Mar 30, 2018



In this edition of Monthly Insights, Stuart Hardy, Director of Executive Education, looks at why understanding our perception and capacity for change over time is vital to creative leadership.  

Capacity for change is a conceptual topic. At any given time a person or group of people has a capacity for change; a willingness and ability. If we better understand what this capacity is then we can be more effective as creative leaders, guiding our organizations and people in times of transformation.

The first thing a new coach does when they take on a new athlete is to try to understand who they are working with. But this understanding is not limited to the status quo. Sure, muscle mass, oxygen uptake and race-times are important, but they do not show the ‘capacity’ or ability the person has to improve over a given space of time. This is a complex relationship between the past, present, and future.

Firstly, there is the legacy or past, as an indicator of the difference between ‘then and now’. This articulates a potential journey that the individual could continue on. Then there is the present which is mainly focused on physical condition. And finally, there is the future which connects with goals, aspiration, and motivation.

So in summary, our capacity for change is inherently linked to where we have been, where we are, and where we could and want to be. If we combine this with a deeper understanding of our attitude to change itself, then we have some parameters we can work within. Most people when asked, say, "Yes, people are afraid of change." However, is it the change itself we are afraid of, or something about it? Ask the same people if they like to visit new places, try new restaurants or learn new things, and you get a very different answer. So what is going on? It is in fact the ‘loss of control’ that one experiences at times of change that we are afraid of and not the change itself. That is why when we make the choice to visit a new place, we embrace it, because ‘we are in control’ of the choice. Our level of control is a direct relationship between what we perceive to be the scale of the challenge and our perceived ability to solve it. This ability includes support, skills, understanding, resources etc.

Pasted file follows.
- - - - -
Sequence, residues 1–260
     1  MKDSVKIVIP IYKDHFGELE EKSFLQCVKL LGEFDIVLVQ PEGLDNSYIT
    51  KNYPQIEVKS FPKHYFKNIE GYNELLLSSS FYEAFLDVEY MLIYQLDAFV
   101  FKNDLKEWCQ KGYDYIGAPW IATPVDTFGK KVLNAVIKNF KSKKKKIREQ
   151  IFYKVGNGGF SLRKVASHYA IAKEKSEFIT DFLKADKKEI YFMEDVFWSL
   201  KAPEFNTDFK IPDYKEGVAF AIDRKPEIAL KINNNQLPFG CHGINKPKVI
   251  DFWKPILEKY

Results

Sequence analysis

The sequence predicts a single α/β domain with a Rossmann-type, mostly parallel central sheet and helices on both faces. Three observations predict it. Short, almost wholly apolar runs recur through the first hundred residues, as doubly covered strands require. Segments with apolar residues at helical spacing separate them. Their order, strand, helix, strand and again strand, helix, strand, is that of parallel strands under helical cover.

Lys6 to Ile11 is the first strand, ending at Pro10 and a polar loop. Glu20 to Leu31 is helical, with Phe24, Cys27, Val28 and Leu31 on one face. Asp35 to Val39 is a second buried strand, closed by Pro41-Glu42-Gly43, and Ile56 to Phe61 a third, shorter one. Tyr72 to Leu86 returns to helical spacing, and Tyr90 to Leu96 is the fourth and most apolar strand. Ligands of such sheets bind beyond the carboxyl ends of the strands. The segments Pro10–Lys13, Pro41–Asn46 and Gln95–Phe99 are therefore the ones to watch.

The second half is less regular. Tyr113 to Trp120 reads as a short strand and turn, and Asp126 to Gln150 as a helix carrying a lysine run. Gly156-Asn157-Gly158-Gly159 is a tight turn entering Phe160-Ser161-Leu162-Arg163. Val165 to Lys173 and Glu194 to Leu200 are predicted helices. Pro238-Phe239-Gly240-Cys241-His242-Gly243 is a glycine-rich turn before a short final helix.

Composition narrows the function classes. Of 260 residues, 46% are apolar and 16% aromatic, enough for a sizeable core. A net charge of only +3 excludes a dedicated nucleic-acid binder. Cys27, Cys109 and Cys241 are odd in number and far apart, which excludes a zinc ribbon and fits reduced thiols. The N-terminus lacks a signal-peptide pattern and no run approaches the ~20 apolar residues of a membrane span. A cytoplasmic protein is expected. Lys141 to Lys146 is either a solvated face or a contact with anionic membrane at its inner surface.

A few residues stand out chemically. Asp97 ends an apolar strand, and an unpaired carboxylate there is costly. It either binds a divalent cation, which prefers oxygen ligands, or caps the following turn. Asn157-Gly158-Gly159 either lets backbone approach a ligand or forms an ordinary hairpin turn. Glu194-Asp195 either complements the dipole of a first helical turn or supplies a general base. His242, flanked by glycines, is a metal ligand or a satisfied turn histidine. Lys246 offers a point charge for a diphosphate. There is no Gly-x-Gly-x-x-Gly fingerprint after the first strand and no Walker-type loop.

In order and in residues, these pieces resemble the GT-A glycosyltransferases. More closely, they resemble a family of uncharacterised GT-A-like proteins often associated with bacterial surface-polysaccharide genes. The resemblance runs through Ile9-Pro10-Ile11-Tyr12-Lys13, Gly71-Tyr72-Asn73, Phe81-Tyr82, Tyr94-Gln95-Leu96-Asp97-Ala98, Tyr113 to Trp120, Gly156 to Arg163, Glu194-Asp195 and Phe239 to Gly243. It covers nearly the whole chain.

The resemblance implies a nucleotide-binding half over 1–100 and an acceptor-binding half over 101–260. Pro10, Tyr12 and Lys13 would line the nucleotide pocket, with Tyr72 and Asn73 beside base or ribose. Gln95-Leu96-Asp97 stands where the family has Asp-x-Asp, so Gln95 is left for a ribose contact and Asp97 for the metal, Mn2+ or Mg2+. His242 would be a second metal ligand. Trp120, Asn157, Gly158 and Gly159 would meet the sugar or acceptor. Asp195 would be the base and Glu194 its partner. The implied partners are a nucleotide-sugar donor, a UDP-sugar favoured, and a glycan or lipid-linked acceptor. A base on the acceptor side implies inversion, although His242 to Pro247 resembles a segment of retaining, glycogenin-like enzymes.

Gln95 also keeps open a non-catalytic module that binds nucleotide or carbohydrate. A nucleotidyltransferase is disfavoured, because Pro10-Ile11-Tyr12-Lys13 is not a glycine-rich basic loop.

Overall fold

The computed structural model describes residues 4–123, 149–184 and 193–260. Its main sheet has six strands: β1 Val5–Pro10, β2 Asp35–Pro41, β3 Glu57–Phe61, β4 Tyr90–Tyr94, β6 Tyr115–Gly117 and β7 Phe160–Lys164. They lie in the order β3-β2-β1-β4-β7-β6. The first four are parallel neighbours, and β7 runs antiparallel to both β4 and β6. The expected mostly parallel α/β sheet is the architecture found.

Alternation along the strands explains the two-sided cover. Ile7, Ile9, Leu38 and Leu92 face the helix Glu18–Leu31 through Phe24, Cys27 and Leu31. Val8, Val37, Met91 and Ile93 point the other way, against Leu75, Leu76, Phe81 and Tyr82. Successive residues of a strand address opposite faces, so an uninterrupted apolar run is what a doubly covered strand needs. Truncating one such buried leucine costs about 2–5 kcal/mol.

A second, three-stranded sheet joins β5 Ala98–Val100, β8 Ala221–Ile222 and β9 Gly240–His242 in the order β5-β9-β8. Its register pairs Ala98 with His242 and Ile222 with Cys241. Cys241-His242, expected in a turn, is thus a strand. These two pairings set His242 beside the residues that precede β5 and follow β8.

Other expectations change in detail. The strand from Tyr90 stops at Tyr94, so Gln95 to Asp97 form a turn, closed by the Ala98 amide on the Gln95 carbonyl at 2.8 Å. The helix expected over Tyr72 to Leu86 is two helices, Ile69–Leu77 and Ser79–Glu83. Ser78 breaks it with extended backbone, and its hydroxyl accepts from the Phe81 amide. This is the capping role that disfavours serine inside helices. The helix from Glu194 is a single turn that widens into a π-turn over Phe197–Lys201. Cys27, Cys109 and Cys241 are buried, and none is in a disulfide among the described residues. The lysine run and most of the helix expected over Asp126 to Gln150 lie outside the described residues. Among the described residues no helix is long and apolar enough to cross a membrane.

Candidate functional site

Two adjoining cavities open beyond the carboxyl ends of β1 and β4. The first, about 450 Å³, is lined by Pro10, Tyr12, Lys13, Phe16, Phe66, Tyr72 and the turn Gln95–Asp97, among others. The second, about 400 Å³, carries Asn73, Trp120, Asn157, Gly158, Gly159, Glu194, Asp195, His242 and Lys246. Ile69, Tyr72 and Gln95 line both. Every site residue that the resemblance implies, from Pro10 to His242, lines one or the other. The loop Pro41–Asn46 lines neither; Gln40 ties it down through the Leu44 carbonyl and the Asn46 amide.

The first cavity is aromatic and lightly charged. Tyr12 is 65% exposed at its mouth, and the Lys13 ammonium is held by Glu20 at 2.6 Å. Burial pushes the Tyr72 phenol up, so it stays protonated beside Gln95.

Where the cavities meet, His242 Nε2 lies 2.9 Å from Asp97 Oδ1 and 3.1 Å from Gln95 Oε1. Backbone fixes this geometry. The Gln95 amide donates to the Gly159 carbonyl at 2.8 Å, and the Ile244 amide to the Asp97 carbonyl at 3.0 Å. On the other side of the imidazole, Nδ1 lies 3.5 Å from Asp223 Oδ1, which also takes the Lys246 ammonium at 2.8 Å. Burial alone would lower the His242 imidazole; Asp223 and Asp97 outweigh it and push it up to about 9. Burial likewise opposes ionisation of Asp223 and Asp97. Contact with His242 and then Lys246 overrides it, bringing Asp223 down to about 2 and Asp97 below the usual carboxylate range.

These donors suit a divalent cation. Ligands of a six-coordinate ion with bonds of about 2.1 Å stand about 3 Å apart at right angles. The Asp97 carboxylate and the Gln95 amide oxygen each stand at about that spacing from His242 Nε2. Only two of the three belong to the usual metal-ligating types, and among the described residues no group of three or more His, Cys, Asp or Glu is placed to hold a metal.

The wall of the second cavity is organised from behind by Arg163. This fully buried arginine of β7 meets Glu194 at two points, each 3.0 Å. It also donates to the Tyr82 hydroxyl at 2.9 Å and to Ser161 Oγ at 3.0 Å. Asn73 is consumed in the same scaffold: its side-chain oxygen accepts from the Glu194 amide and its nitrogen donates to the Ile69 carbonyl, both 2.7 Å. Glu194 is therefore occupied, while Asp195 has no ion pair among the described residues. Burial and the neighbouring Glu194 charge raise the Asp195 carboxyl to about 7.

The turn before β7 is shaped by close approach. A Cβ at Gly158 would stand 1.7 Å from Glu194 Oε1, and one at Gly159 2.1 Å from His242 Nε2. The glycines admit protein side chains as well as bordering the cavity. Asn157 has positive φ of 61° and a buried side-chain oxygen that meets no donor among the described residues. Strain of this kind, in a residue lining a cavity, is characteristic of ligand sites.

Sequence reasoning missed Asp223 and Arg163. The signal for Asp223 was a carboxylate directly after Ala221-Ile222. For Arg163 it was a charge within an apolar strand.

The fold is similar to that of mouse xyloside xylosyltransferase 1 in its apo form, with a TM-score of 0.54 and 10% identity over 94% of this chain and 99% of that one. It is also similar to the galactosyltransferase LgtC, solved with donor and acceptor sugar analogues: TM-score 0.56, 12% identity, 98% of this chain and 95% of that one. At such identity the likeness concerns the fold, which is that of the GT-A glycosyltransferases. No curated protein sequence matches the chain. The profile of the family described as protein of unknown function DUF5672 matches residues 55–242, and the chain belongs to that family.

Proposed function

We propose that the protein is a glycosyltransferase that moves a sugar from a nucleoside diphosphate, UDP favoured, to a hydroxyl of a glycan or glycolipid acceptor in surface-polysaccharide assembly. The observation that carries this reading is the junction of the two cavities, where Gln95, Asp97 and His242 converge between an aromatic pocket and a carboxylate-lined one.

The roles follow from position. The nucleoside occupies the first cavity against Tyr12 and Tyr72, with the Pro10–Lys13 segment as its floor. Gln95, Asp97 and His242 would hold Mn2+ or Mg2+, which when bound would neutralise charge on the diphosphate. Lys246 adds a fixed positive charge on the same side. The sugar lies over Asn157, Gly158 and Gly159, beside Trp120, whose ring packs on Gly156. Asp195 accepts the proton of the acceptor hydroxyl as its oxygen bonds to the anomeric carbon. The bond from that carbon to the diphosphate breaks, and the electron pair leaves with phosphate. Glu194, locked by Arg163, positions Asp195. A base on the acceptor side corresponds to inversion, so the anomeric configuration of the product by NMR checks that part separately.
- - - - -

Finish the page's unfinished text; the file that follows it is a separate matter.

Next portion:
If creative leaders better understand the components of change, then they can be more effective both in terms of content and human behaviors. This combination of emotional intelligence and sensitivity to the context is a vital skill for today’s agile modern leader.

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